So you think: “okay, let’s not destroy the carrot entity now, instead let’s schedule it from destruction by posting a DestroyEntityRequest which will be processed when the physics has finished running”. Think again, because you end up with the following possibility: you touch the carrot, and your friend touch the carrot, so you both pick it up and then it’s scheduled for destruction twice. It may not crash (although I did ask the event manager to crash when something is unregistered twice) but it’s buggy: only one of you should get the carrot.
So we need: to remove the dead entity immediately, but also to keep it around, alive. At the same time. Schrödinger would have loved this.
Solution: add a boolean variable on our entity saying “I (don’t) exist”. Since the entity stays in memory the dictionaries don’t splode. And since we can tell that the entity doesn’t exist, we can skip it in the physics step. We must really get rid of the entity at some point though, so after setting this variable to False, we post a DestroyEntityRequest. Neat!
Now, the same is true for appearing entities, except that I do not see any reason to create new entities during a physics iteration. Yet. I’ll think about it tonight.
Not all entities are tangible.
Carrots are supposed to represent small things on the floor. They should not be obstacles, they should not be pushable. Sure they won’t block the bunny since the bunny picks them up when she touches them, but they should not be an obstacle for the foxes either. So we want an entity that detects collisions (so that they detect that a bunny touched them) but does not trigger any collision response code from the physics.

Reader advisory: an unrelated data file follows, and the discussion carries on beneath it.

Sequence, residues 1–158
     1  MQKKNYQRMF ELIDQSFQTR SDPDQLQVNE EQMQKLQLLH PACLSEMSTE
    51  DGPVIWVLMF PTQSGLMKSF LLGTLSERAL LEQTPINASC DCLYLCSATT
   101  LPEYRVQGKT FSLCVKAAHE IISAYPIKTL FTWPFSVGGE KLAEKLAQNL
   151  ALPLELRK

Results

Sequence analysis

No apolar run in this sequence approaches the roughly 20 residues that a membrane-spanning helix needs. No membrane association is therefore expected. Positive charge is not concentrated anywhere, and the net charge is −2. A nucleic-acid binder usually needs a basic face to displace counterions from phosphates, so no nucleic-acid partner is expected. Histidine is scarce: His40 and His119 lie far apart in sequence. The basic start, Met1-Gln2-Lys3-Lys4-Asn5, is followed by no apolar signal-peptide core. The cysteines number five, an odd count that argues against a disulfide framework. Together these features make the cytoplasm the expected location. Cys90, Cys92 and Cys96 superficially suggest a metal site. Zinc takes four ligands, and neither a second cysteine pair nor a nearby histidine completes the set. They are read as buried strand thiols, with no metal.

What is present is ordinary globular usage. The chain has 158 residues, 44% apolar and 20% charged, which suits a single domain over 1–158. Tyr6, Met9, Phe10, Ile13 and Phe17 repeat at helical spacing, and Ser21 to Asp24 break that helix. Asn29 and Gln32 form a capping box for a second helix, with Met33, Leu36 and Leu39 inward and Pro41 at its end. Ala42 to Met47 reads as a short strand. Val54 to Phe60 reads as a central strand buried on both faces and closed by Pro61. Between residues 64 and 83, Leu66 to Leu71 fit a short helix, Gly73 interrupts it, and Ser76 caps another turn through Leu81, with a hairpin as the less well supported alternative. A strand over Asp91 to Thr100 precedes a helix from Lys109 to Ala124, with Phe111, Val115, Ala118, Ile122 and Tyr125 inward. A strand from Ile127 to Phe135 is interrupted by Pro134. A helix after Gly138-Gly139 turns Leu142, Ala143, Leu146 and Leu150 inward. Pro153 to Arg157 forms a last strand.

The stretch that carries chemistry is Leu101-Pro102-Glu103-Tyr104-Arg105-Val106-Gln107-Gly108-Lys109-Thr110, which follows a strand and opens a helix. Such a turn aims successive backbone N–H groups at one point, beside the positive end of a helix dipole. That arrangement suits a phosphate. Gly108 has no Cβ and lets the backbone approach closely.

Easy: just add a “I’m (not) solid” boolean variable on the entity body and use it well. Neat, again!
I tried for fun to make the bunny non solid: she crosses the walls and everything, awesome! Now we can have ghosts \o/.
We need to pause the physics.
The physics engine should not run all the time: we may be on the title screen, or paused, or maybe there is not even a world yet. It was not easy to add a pause function to my game loop because of the way I wrote it, so a lot of code has changed in there. Surprisingly, the code got cleaner ô_O.
Partition space for entities.
My collision code for entity vs entity was brute force: test every entity against every other. This O(n2) algorithm is of course very poor, but I didn’t know how poor, so I chose not to optimize it early. Well, after having seen how the performance was crashing once I was reaching 50 entities (I’m talking about 5 FPS here), I HAD to optimize. I did not use any quadtree or cool stuff like that yet, I just cut my map in chunks of 8×8 tiles and query entities by chunks. 8 is a quite random number, I could probably reduce it to 4, 2 or maybe 1, but that creates more chunks containing nothing and therefore more overhead when updating or searching the chunk map. I need to test to find a good value. In any case, as soon as we don’t look at the entire map, we’re fine.
At least all I can think of right now.
The engine source files changed quite a lot ; there is no point in merging the two branches. I will branch out of Apocalypse Bunny and remove the code related to this specific game (it’s all in the bunny package!) to have my new codebase for infiniworld. I’ll be doing some refactoring in the next days. Then, new fun stuff!